Officers in Maryland devote a great deal of time and effort to reducing drunk driving acts in the state. The courts and MVA impose severe penalties on those arrested and convicted of DUI charges to lessen DUI-related crashes. A DUI can result in several penalties, including incarceration, driver's license suspension, ignition interlock device, attendance of an alcohol/drug treatment program, fines, and probation. Being an out-of-state driver does not exempt an individual from Maryland's DUI sanctions. Nor does it exclude them from further penalties in their home state.
Additionally, any driver convicted of a DUI or DWI will have demerit points added to their driving record by the Motor Vehicle Administration, in addition to the criminal punishments. These points are sufficient to result in the revocation of a driver's license for some time, and they remain on the driver's record for two years. A driver convicted of a DWI will receive 8 points, and their license will be suspended. In contrast, a driver convicted of a DUI will receive 12 points on their license, making them eligible for revocation.
Although the state views a DUI as a serious crime, factors surrounding a DUI charge determine the severity of a person's sentence. For example, a first-time DUI is not punished as severely as a subsequent conviction. Furthermore, the severity of one's punishment is also assessed by aggravating circumstances, such as a fatality or child passenger. When such factors exist, the penalties will carry more weight.
DUI Penalties for Commercial Drivers
Drivers with a commercial driver's license (CDL) in Maryland who are found guilty of driving while intoxicated risk harsh penalties, which can make it difficult for them to keep their jobs. The repercussions of a DUI conviction for commercial drivers are substantially different from those that regular drivers suffer when faced with a DUI.
In Maryland, first-time offenders with CDLs may face a one-year license suspension. Upon a second offense, an offender's driving rights will be suspended for life. If the driver was found transporting dangerous items, the driver's license would be disqualified for three years. There are no exemptions or remedies to these suspensions.
It is also worth noting that a commercial driver who is convicted of DUI will have their CDL suspended for one year, even if the arrest did not occur in their commercial vehicle.
What Happens When You Get a DWI in Maryland?
A driver convicted of a DWI in Maryland will face penalties fitting of their offense. A person can expect to spend up to 60 days in jail and pay a $500 fine for a first offense. For subsequent offenses, the person may receive a one-year prison sentence or a $500 fine.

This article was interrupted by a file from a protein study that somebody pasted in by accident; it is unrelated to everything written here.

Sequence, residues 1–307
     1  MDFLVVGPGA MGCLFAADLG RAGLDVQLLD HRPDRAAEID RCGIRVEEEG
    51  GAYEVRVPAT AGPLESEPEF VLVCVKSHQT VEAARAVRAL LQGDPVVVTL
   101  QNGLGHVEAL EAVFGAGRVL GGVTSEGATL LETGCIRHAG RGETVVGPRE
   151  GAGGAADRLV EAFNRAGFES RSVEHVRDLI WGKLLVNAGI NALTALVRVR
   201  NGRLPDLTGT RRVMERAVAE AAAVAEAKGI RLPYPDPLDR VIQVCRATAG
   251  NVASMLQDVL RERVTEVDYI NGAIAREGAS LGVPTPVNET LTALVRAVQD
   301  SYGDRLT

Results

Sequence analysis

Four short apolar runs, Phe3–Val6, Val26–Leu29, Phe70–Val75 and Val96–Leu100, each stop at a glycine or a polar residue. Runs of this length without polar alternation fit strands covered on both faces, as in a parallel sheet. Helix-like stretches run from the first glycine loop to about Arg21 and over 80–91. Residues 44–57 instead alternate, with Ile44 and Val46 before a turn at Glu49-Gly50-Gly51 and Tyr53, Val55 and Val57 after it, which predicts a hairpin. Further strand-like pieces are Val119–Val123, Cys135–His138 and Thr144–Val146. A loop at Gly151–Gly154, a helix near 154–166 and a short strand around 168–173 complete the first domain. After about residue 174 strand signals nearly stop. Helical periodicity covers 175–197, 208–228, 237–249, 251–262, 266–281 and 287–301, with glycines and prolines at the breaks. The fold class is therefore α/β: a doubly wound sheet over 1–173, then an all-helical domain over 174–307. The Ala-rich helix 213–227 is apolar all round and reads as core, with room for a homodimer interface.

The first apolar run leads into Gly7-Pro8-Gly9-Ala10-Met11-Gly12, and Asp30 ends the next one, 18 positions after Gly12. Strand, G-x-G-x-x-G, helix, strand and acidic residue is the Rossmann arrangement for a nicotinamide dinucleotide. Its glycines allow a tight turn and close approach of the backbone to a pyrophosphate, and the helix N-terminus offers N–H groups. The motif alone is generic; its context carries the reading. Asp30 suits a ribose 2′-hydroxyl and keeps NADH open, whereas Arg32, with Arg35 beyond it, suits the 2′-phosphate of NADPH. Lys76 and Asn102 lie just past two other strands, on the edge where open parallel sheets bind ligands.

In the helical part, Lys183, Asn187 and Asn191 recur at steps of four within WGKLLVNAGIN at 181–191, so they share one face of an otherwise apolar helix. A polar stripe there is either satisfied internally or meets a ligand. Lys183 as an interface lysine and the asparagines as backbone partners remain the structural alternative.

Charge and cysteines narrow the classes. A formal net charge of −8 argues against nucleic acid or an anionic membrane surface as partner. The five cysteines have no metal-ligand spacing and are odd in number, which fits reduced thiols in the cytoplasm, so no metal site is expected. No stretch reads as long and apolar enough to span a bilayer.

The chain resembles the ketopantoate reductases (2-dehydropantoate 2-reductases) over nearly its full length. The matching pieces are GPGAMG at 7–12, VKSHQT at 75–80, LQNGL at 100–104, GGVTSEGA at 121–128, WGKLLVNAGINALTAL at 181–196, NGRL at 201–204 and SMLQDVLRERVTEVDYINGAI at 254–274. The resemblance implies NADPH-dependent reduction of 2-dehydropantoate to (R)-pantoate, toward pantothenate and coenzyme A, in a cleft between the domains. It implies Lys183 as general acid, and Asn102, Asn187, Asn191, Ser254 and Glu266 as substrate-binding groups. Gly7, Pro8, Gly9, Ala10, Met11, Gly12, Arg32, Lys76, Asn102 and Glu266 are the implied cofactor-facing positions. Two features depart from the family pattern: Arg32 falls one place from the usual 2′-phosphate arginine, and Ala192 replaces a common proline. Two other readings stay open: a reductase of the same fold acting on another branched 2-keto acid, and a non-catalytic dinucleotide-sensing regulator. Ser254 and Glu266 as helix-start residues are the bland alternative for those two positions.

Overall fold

The Maryland Motor Vehicle Administration will assign points to the offender's driver's record under certain circumstances. For instance, a DWI conviction will result in an eight-point penalty, enough to suspend the driver's license.
In Maryland, a first DWI offense is punishable by:
- Two months or less in jail
- A fine of up to $500
- Suspension of the offender's driver's license for six months
- 8 points on the offender's driver's license
If convicted a second time, the offender will face the following penalties:
- Up to a year in prison
- A fine of up to $500
- License suspension for up to nine months
Upon a third DWI, the penalties become more severe. A third conviction could result in:
- Up to five in prison
- A $5,000 fine
- License suspension for up to 12 months
What Happens When You Get a DUI for the First Time in Maryland?
A DUI in Maryland can result in a variety of repercussions, based on the case. A first-time DUI conviction carries these penalties:
- One year imprisonment
- A fine of up to $1,000
- 12 points on the offender's driver's license
- Revocation of a driver's license for up to six months
Probation before judgment (PBJ) is available to first-time DUI or DWI offenders in Maryland. PBJ means that an offender will be placed on probation before a criminal judgment is entered against them. When a judge agrees to let a first-time offender take a PBJ, the offender will be placed on probation without pleading guilty to any offense. Once the probationary conditions have been met, such as alcohol treatment and community service, the individual will not have the incident documented on their public criminal record. Hence, only law enforcement officers will be able to see the PBJ if probation is completed, and the offender will have no DUI/DWI convictions.
What is the Penalty for a Second DUI in Maryland?
If convicted of a second DUI within two years, a person faces the following DUI penalties in Maryland:
- Up to two years in prison (with a mandatory minimum of five days)
- A fine of up to $2,000
- License suspension for nine months to a year
- 12 points on the offender's license